Assistance systems save lives – how well do you know your truck?

    In the course of technical progress, more and more driver assistance systems are becoming mandatory for trucks. They minimise the danger in road traffic for you as a driver and for other road users. Predictive driver assistance systems can prevent accidents using sensor technology and calculations. However, not all trucks are equipped with these systems. Some of them are also criticised because they work better in theory than in practice.

    Overview of the most common driver assistance systems


    • Turning assistants: Sensors check the entire side of the truck and a lane width next to it. If something or someone moves in this area, the driver receives a light signal. If there is an acute danger of an accident, an acoustic signal sounds. If you, as the driver, do not intervene quickly enough, some of the systems can also brake automatically. This driver assistance system is not only helpful at junctions, but also and especially on the motorway when changing lanes.


    • Adaptive cruise control: This driver assistance system uses a front camera to measure the distance to the vehicle in front and automatically adjusts the speed of the truck to maintain the prescribed distance.


    • ABS: The anti-lock braking system has long been part of everyday life. It ensures that the wheels do not lock during braking. This means the vehicle can still be steered during braking.


    • Work lights: Especially in dark laybys or poorly lit loading areas, manoeuvring can be difficult. This is where the additional work lights come in: You can use them to carefully illuminate the corresponding spaces.


    • ESP: The Electronic Stability Program has also been mandatory in trucks since 2014. By means of targeted braking of individual wheels, it prevents the truck from skidding when over- or understeering in a bend.


    • Speed limit when reversing: The system limits the possible speed when reversing to 9 km/h. This gives you, the driver, enough time to find the right lock angle.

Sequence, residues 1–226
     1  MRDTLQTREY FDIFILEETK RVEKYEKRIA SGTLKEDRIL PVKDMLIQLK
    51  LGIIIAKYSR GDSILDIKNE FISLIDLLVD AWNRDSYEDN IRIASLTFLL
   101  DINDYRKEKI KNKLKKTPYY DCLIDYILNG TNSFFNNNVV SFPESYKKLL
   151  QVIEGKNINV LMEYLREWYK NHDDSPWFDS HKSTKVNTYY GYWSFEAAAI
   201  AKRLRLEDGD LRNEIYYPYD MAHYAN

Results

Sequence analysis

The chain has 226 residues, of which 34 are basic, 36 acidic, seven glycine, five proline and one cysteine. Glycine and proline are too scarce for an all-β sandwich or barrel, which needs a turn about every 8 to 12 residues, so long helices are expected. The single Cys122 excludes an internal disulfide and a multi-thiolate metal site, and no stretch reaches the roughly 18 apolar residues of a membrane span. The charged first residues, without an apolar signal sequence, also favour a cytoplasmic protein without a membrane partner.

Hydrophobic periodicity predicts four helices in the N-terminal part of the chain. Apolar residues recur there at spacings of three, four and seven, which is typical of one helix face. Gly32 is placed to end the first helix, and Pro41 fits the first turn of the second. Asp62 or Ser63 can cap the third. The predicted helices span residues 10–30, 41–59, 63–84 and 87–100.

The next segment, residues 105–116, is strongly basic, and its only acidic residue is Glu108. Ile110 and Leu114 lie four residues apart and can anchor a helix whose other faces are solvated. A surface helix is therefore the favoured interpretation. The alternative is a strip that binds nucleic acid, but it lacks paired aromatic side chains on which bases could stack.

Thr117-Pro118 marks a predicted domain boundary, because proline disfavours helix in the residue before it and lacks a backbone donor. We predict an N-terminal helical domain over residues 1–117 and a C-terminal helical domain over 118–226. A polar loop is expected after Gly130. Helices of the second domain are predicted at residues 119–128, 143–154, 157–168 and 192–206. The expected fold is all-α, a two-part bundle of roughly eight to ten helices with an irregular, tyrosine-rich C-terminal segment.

• Blind spot camera system: There are a number of blind spots on the truck that you as the driver cannot see. The camera system films all these angles with cameras at the front, rear and both sides of the truck. Depending on where you are heading, the image from the appropriate camera is shown on a display.


    • Light sensor: It senses the lighting conditions and automatically adjusts the truck’s headlights.


    • Emergency braking assistant: This driver assistance system is already mandatory in all trucks produced since 2015. The emergency brake assistant continuously calculates the speed and distance to other road users. It warns the driver with visual and acoustic signals if the speed is too high and the distance is too short. If necessary, the system itself can initiate emergency braking.


    • Lane departure warning system: Since 2015 it has been installed in every truck in Germany – the lane departure warning system uses a front camera to check whether the truck is in its lane. If you leave the lane without having set the indicator or braked, an acoustic signal warns you. Some of the driver assistance systems can also intervene in the steering process. This can prevent accidents in case of the driver nodding off.


    • Rain sensor: If it starts to rain, the wipers switch on automatically at the appropriate setting.


    • Reversing assistant: Reversing is not entirely straightforward for trucks. A rear-view camera makes this task easier, and a beep warns you of a possible collision.


    Driving assistance systems are not without limitations

    While some driver assistance systems are more of a nice feature to have than actually necessary (such as the rain or light sensor), predictive driver assistance systems can save lives in an emergency. Nevertheless, it happens time and again that truck drivers switch them off. This is mainly because they are more harmful than useful in many traffic situations. The lane departure warning system does not understand, for example, why in a set of road works the truck does not want to stay in the specified lane and beeps continuously. Adaptive cruise control can also be a hindrance – for example when you want to overtake. In addition, many trucks use the slipstream of the vehicles in front to save fuel. The adaptive cruise control function does not allow this either.

    Summary: Driver assistance systems are not perfect, but necessary

    Traffic on the motorways, country roads and in the cities continues to increase. It is difficult to always keep track of things on your own. This is why driver assistance systems can actually save lives. Many accidents involving trucks show that the rescue systems had been switched off. For this reason, sensitive fines are planned.

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